Rosetta Smalley shares her family’s experience as black Catholics in this oral history.
SPRINGFIELD, Ky. — A young Rosetta Pipes and her friends walked two miles each December from their community of Briartown to the Dominican Sisters’ St. Catharine Motherhouse.
“We walked the road in the snow,” she said. “But we weren’t cold because we were so excited for our rewards.”
The Dominican Sisters — who were key figures in their lives — gave them fruit, candy, clothing and, if you were little, a new toy.
“You would thank God for whatever you got. What little we had, we were blessed with it.”
Rosetta Pipes, now Rosetta Smalley, was born in 1936 and is a lifelong member of Holy Rosary Church in Springfield, Ky., a predominately African American Catholic church established in 1929.
The parish, still active today, was nestled in a small community known as Briartown, where 21 parish families lived, learned and worshipped together.
Smalley recounted her memories as a lifelong member of Holy Rosary for an oral history project Dec. 6. The Record and Father Patrick Delahanty’s Riverbirch Productions are collecting stories that highlight the gifts of faith black Catholics have shared with the Archdiocese of Louisville.
Briartown’s families were all equally poor, but they didn’t know it, said Smalley.
“Every family was your family. We didn’t have a lot, but we didn’t know it because we were all happy. Love and kindness was better than any dollar bill,” she said.
“I miss Briartown because it was a happy settlement. We would go to different houses and pray the rosary when we were 8, 10, 11 years old.
“We couldn’t wait to go to church — we had missions, processions, Christmas parties at St. Catharine.”
Holy Rosary was a mission of St. Rose Church in Springfield until 1973, when it became a parish. In the early years, members came from three communities, said Smalley.
In addition to Briartown adjacent to the church, parishioners came from Fieldtown, which was mostly Catholic, and Jimtown, which had a few Catholic families, she said.
The children attended Holy Rosary School, where the Dominican Sisters were their teachers.
“We did a lot with the nuns,” Smalley said, laughing about her happy memories.
The eighth-grade girls, she said, were tasked with making lunch for the sisters on school days.
The children tried to avoid Father L.L. Bernard, a strict priest who led the church for more than 35 years.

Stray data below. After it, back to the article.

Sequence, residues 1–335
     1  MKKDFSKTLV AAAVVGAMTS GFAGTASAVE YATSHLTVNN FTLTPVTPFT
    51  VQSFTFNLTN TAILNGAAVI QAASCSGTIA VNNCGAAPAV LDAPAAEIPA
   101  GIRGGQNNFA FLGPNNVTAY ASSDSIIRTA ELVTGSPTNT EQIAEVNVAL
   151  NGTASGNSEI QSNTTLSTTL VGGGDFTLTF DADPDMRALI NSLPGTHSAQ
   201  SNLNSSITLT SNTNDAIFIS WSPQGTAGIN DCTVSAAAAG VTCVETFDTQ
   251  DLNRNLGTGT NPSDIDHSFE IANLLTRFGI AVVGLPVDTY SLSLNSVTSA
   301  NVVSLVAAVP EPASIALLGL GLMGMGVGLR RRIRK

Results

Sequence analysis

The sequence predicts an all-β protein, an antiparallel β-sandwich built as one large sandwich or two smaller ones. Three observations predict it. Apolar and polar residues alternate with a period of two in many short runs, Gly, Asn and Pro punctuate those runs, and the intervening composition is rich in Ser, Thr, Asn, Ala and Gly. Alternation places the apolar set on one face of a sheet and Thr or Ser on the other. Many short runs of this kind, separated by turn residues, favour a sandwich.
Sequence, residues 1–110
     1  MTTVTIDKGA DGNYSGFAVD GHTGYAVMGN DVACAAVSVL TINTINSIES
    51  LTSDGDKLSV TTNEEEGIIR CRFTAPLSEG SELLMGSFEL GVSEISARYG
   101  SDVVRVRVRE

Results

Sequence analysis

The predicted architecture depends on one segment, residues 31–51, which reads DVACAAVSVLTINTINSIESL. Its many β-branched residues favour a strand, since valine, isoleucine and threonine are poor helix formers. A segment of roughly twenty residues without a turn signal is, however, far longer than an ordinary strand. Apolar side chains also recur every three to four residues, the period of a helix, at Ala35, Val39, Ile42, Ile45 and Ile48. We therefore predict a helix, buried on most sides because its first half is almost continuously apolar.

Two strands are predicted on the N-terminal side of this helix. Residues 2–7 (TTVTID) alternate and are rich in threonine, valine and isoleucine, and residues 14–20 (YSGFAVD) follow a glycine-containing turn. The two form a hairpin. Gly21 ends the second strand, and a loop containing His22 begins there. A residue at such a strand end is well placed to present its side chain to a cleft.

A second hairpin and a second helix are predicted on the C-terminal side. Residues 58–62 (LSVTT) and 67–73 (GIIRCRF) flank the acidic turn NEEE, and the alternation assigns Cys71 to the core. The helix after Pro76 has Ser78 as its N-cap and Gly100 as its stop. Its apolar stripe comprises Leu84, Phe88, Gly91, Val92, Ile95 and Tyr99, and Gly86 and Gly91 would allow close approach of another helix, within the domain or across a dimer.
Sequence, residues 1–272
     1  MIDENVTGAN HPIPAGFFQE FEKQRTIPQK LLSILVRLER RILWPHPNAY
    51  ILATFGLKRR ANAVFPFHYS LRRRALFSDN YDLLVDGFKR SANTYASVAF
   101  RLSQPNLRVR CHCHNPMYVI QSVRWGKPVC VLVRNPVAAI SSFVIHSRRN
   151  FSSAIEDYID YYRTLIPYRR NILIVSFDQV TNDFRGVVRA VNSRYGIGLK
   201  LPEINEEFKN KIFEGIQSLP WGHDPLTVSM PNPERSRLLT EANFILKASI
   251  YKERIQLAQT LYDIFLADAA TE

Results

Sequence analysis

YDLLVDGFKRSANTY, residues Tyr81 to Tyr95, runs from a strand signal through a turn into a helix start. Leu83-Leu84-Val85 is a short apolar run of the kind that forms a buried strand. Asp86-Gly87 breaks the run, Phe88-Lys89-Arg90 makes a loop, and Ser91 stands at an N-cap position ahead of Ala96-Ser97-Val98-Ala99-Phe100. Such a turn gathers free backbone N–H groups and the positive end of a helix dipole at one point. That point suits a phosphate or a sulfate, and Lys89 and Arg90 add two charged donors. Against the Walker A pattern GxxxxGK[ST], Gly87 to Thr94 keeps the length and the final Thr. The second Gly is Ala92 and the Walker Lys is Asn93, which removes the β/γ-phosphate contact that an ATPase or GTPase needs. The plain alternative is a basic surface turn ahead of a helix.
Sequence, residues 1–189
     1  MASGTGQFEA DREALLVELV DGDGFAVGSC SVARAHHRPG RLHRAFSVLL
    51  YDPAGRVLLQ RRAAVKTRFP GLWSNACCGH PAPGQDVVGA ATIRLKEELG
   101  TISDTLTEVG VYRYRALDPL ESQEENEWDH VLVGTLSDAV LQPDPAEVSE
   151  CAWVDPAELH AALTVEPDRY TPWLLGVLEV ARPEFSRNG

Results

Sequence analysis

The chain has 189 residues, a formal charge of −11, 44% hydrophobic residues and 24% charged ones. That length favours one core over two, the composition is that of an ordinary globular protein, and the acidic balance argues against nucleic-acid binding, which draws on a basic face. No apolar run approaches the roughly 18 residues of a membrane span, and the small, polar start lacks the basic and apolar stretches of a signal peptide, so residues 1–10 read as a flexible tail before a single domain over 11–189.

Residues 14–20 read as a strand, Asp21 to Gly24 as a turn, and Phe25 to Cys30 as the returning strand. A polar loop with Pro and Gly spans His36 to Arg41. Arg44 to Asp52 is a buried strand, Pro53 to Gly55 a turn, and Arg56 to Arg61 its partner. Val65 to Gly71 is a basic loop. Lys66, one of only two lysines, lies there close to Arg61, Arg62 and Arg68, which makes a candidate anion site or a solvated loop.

“We stayed away from Father Bernard,” she said. “We stayed on his good side.”
That was fairly easy, though, because Smalley and her friends were, she said, “teachers’ pets.”
Five or so mothers from the church, including Rosetta’s mother Lilly Mudd Pipes, were employed as housekeepers for the sisters. They cleaned the motherhouse, she said. Most of the men, including Smalley’s father, Leslie Pipes, worked on a nearby farm.
In the early years, Smalley said Briartown families were never hungry but their diets were meager — most meals consisted of bread, gravy (made with flour and butter) and beans. They grew their own fruit — apples, pears, peaches, walnuts and grapes.
They always had enough to share with the “tramps” — wanderers with few means — who would show up hungry.
“Bread, butter and potatoes in a pie pan. They thought it was a feast,” she said.
Later, Smalley’s uncle was hired to butcher livestock and brought home the cast-off parts, such as pig’s feet.
Eventually, the family kept about 150 chickens and meatless dinners became less common.
Smalley’s memories of Christmas were vivid during the Dec. 6 interview.
“On Christmas morning about five o’clock, Daddy would go out and shoot a gun to tell us to get up and go to church,” she said.
Afterward, they received two gifts — the only gifts they’d receive until the next Christmas. One Christmas was more anxious than the others, she recalled.
“I was scared to death,” she said. “I ate a piece of candy before Mass.” Those were the days when no one was allowed to eat before Mass, she added.
The ugly realities of segregation and other forms of racism didn’t intrude on their lives in Briartown, Smalley noted. Their parents rarely took them down the small hill into Springfield. Life unfolded within their church and community, where all were equal.
Young Rosetta Pipes grew up to marry Clay Smalley after they dated for 12 years. They were married for 42 years, until he died in 2003.
Clay Smalley, an Army veteran of the Korean War, was well known in the Springfield community. He was a volunteer coach of football and basketball teams at St. Dominic Church.
Their seven children attended St. Dominic School after it integrated. Holy Rosary School closed in 1966.
Today she has 14 grandchildren and 21 great-grandchildren.
And she urges their parents to take the children to church, she said.
At age 83, Smalley doesn’t get around as well as she’d like. She watches Mass every day on EWTN and someone from her parish brings Communion each weekend.
She feels content, she said, but is concerned about the future of Holy Rosary.
“I am happy and blessed that I’m a member of Holy Rosary Church. I’m hoping that the younger generation will wake up their kids” and bring them to church, she said. “To us, religion was all of it.